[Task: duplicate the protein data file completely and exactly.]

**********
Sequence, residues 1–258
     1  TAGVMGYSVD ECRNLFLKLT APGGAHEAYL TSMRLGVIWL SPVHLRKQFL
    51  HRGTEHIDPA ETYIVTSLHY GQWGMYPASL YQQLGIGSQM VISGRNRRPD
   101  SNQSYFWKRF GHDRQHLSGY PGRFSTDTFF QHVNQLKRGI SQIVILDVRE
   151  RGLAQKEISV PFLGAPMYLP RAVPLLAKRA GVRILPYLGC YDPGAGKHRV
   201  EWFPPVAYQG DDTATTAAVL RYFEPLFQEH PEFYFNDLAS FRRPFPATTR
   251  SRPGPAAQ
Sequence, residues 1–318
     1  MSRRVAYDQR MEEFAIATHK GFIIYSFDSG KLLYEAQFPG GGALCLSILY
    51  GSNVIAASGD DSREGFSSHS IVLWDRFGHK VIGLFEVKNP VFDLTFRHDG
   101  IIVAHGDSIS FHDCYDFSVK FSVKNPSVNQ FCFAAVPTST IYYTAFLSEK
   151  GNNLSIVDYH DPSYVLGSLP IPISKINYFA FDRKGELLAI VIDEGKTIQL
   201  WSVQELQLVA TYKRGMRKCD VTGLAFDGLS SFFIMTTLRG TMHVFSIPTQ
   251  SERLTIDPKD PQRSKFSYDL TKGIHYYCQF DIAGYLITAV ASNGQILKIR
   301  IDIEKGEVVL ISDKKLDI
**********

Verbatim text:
Sequence, residues 1–258
     1  TAGVMGYSVD ECRNLFLKLT APGGAHEAYL TSMRLGVIWL SPVHLRKQFL
    51  HRGTEHIDPA ETYIVTSLHY GQWGMYPASL YQQLGIGSQM VISGRNRRPD
   101  SNQSYFWKRF GHDRQHLSGY PGRFSTDTFF QHVNQLKRGI SQIVILDVRE
   151  RGLAQKEISV PFLGAPMYLP RAVPLLAKRA GVRILPYLGC YDPGAGKHRV
   201  EWFPPVAYQG DDTATTAAVL RYFEPLFQEH PEFYFNDLAS FRRPFPATTR
   251  SRPGPAAQ
Sequence, residues 1–318
     1  MSRRVAYDQR MEEFAIATHK GFIIYSFDSG KLLYEAQFPG GGALCLSILY
    51  GSNVIAASGD DSREGFSSHS IVLWDRFGHK VIGLFEVKNP VFDLTFRHDG
   101  IIVAHGDSIS FHDCYDFSVK FSVKNPSVNQ FCFAAVPTST IYYTAFLSEK
   151  GNNLSIVDYH DPSYVLGSLP IPISKINYFA FDRKGELLAI VIDEGKTIQL
   201  WSVQELQLVA TYKRGMRKCD VTGLAFDGLS SFFIMTTLRG TMHVFSIPTQ
   251  SERLTIDPKD PQRSKFSYDL TKGIHYYCQF DIAGYLITAV ASNGQILKIR
   301  IDIEKGEVVL ISDKKLDI